Colonial Pipeline Co. reportedly paid Eastern European hackers almost $5 million in ransom on Friday to free up its data system, after it had shut its East Coast pipeline system.
Two knowledgeable sources provided the information to Bloomberg. Their account conflicted with reports earlier this week that the company wouldn’t pay ransom to the hackers.
The payment was made in the form of untraceable cryptocurrency within hours after the attack, which had led Colonial to close its pipeline for safety, the sources said.
Once the hackers got their money, they gave Colonial a decrypting tool to restore its frozen computer network, the sources said. The tool acted slowly, so the company continued using its own backups to restore the system, one of the sources said.
Colonial Pipeline said Thursday morning that product delivery has resumed in most of its markets.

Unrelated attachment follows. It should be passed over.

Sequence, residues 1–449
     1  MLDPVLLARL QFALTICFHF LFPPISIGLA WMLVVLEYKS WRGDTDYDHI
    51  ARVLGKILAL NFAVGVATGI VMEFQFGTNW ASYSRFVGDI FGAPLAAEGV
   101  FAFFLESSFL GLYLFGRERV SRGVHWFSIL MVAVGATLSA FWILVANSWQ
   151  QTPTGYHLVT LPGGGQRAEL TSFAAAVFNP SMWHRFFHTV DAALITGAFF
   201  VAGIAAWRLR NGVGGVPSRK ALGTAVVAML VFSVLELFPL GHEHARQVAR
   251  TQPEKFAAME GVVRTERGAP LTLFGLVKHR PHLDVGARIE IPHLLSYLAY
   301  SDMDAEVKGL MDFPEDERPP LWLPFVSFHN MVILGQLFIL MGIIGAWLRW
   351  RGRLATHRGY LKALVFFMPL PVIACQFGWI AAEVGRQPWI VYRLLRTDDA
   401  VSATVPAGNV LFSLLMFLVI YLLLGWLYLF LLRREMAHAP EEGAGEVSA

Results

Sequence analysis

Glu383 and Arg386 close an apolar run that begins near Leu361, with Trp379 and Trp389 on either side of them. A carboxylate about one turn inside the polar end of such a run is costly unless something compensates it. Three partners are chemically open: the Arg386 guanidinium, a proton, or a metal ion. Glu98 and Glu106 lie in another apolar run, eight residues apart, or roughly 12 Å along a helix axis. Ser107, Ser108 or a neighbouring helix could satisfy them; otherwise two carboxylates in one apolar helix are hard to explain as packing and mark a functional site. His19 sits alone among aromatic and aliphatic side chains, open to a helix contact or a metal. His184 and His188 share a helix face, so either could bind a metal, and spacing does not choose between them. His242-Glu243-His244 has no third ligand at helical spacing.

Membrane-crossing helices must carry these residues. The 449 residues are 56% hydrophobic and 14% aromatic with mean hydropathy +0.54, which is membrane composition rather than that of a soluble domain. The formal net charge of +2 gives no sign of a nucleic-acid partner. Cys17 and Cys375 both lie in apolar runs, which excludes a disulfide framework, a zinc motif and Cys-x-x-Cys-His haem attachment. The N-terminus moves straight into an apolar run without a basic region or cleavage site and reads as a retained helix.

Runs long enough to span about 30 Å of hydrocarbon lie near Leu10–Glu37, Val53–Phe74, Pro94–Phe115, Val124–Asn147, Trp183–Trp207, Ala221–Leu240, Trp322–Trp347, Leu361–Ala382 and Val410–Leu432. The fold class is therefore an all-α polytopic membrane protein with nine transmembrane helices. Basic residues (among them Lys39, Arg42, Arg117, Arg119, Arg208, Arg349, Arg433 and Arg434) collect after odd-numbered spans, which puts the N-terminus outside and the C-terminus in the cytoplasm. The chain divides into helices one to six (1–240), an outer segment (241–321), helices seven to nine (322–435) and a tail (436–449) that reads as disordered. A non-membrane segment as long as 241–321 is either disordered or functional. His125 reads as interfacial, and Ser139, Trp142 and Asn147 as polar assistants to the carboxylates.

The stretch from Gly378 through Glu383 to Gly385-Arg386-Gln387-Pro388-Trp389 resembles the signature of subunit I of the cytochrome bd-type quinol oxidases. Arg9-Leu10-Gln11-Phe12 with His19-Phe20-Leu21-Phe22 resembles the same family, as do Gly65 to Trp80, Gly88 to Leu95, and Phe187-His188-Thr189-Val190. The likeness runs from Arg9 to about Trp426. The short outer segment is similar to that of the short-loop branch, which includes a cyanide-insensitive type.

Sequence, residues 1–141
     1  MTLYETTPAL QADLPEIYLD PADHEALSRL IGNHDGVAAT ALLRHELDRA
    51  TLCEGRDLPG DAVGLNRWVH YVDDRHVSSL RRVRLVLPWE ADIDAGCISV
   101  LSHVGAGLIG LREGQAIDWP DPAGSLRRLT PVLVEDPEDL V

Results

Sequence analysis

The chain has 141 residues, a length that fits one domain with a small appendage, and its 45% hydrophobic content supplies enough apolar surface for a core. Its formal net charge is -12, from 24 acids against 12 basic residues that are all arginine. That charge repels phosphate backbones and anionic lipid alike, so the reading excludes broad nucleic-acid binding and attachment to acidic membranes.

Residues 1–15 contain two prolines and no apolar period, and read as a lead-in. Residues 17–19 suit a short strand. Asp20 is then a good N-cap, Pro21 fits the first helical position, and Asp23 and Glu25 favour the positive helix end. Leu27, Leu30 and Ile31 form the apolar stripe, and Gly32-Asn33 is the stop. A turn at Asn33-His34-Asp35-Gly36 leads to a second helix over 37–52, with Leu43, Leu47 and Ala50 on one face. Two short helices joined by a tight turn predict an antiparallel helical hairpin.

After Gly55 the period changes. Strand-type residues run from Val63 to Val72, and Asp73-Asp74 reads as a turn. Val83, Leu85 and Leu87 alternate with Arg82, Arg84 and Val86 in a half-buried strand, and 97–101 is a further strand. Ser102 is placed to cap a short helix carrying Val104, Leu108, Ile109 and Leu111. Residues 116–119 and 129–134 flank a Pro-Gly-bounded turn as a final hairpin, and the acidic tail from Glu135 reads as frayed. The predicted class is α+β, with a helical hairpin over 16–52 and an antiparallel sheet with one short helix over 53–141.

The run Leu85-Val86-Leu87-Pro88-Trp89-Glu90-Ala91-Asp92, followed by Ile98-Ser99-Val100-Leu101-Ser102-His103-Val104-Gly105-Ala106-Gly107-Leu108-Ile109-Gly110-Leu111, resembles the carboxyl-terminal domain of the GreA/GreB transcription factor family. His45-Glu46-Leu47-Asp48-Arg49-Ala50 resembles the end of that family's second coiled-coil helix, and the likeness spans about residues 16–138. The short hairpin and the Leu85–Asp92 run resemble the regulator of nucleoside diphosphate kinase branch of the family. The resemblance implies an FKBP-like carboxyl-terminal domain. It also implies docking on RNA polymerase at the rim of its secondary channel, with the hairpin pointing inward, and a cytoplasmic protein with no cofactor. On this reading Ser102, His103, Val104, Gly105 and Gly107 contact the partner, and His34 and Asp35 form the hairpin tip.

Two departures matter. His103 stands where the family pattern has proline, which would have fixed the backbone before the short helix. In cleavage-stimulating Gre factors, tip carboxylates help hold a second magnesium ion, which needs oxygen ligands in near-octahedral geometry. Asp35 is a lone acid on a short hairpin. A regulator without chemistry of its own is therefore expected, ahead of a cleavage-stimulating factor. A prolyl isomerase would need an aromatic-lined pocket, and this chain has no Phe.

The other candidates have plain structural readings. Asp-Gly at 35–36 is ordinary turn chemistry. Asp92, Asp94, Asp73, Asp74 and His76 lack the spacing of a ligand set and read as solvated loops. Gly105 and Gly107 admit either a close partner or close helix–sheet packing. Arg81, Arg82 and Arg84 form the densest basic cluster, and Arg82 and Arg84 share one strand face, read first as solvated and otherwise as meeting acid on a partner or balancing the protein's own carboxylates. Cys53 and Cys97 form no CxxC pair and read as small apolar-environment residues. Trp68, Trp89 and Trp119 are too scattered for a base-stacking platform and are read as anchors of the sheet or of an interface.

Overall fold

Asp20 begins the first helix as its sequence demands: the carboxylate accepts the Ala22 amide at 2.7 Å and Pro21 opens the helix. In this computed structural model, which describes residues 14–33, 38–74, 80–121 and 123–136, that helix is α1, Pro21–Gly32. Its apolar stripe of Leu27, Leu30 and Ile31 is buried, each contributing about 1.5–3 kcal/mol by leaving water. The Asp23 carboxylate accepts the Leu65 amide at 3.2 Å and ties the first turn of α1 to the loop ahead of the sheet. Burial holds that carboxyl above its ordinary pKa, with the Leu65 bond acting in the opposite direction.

“Colonial Pipeline has made substantial progress in safely restarting our pipeline system and can report that product delivery has commenced in a majority of the markets we service,” the company said Thursday on its website.
“By midday today, we project that each market we service will be receiving product from our system.” Colonial serves almost all of the U.S. East Coast.
West Texas Intermediate crude recently traded at $63.9, down 3.16%.
The pipeline shutdown sent gasoline prices higher. Retail gas prices average $3.03 a gallon Thursday, up from $3.01 Wednesday and $2.94 a week earlier, according to AAA.
On Wednesday, Colonial said that it had begun reopening its pipeline. “It will take several days for the product delivery supply chain to return to normal,” the company said.